The U.S. Department of Transportation announced that while seatbelt use is at a record high 84 percent nationwide, 45 million Americans still are not buckling up when riding in motor vehicles. In an effort to increase belt use and save lives, DOT kicked off “Click It or Ticket,” a national enforcement mobilization that encourages all motorists to wear their seatbelts – day and night. Drivers caught not wearing their seatbelt run the risk of being ticketed.
“We’ve made great strides to get Americans to buckle up, but we must not rest on our laurels,” U.S. Secretary of Transportation Ray LaHood says. “Not wearing your seatbelt is a serious life-threatening practice. If you are one of the 45 million Americans who won’t buckle up, our ‘Click It or Ticket’ enforcement mobilization will be looking for you.”
On any given day, about 38 people who are not buckled up are killed in motor vehicle crashes, according to statistics from the National Highway Traffic Safety Administration. In 2008 alone, nearly 14,000 unbuckled passenger vehicle occupants lost their lives on U.S. roadways; nearly half of them could have been saved if they had been belted. NHTSA statistics also show that those least likely to buckle up are teens, young adults, males, nighttime riders, motorists traveling on rural roads, and individuals traveling in pickup trucks.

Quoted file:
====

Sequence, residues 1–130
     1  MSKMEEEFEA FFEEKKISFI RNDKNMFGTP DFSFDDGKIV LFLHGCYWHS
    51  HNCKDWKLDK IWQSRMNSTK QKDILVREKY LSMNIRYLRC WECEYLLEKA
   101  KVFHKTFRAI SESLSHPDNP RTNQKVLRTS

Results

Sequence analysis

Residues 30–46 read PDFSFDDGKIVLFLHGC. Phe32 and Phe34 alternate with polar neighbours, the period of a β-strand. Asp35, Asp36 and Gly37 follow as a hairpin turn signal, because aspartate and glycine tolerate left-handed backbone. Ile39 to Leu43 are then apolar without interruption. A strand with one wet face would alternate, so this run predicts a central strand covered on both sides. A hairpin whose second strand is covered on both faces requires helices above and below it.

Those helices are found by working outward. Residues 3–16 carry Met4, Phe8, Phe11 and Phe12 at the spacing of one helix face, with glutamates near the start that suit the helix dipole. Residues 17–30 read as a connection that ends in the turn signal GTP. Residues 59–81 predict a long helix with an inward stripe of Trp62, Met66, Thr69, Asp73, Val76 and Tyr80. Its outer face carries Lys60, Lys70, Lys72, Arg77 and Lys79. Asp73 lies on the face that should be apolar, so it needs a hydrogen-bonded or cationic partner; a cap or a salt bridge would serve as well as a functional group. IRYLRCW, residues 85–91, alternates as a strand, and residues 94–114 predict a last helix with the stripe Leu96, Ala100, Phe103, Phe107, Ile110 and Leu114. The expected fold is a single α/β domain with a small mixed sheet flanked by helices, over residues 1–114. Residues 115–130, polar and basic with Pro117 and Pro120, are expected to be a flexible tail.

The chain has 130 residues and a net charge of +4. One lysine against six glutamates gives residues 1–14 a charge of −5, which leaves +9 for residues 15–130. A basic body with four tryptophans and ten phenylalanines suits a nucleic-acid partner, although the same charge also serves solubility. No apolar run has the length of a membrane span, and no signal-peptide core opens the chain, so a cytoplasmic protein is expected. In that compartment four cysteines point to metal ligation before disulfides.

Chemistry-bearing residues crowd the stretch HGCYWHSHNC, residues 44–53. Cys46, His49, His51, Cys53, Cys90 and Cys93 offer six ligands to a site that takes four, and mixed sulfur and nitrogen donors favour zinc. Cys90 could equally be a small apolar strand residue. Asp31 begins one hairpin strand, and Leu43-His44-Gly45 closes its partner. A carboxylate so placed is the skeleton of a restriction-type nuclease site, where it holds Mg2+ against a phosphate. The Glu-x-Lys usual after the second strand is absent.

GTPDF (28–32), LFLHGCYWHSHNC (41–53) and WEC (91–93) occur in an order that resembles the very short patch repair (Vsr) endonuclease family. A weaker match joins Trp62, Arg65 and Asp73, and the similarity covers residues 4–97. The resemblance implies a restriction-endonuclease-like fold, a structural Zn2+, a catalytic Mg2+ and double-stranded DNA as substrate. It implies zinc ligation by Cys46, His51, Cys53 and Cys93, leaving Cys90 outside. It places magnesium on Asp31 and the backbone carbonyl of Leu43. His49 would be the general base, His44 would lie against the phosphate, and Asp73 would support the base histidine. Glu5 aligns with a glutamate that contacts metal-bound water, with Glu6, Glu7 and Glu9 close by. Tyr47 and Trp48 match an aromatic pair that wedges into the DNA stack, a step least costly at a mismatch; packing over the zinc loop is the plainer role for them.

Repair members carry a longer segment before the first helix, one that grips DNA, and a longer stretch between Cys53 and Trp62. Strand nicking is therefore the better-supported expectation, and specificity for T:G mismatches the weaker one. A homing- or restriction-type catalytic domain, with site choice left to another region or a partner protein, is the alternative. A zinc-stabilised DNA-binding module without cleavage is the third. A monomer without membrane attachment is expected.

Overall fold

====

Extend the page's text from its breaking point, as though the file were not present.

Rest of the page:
“Regular seatbelt use is the single best way to protect yourself and your family in motor vehicle crashes,” says NHTSA Administrator David Strickland. “Wearing your seatbelt costs you nothing. But the cost for not wearing one certainly will. Don’t risk your life or getting a ticket. Please remember to buckle up day and night – every trip, every time.”
The “Click It or Ticket” campaign is set to run from May 24 through June 6. The mobilization, expected to involve more than 10,000 police agencies, is supported by $8 million in national advertising funded through Congress and coordinated by NHTSA. The ads, which will air in English and Spanish, generate awareness of the increased enforcement efforts and the increased chance of getting a ticket if drivers are not buckled up. Ads will be aired on television, radio and online.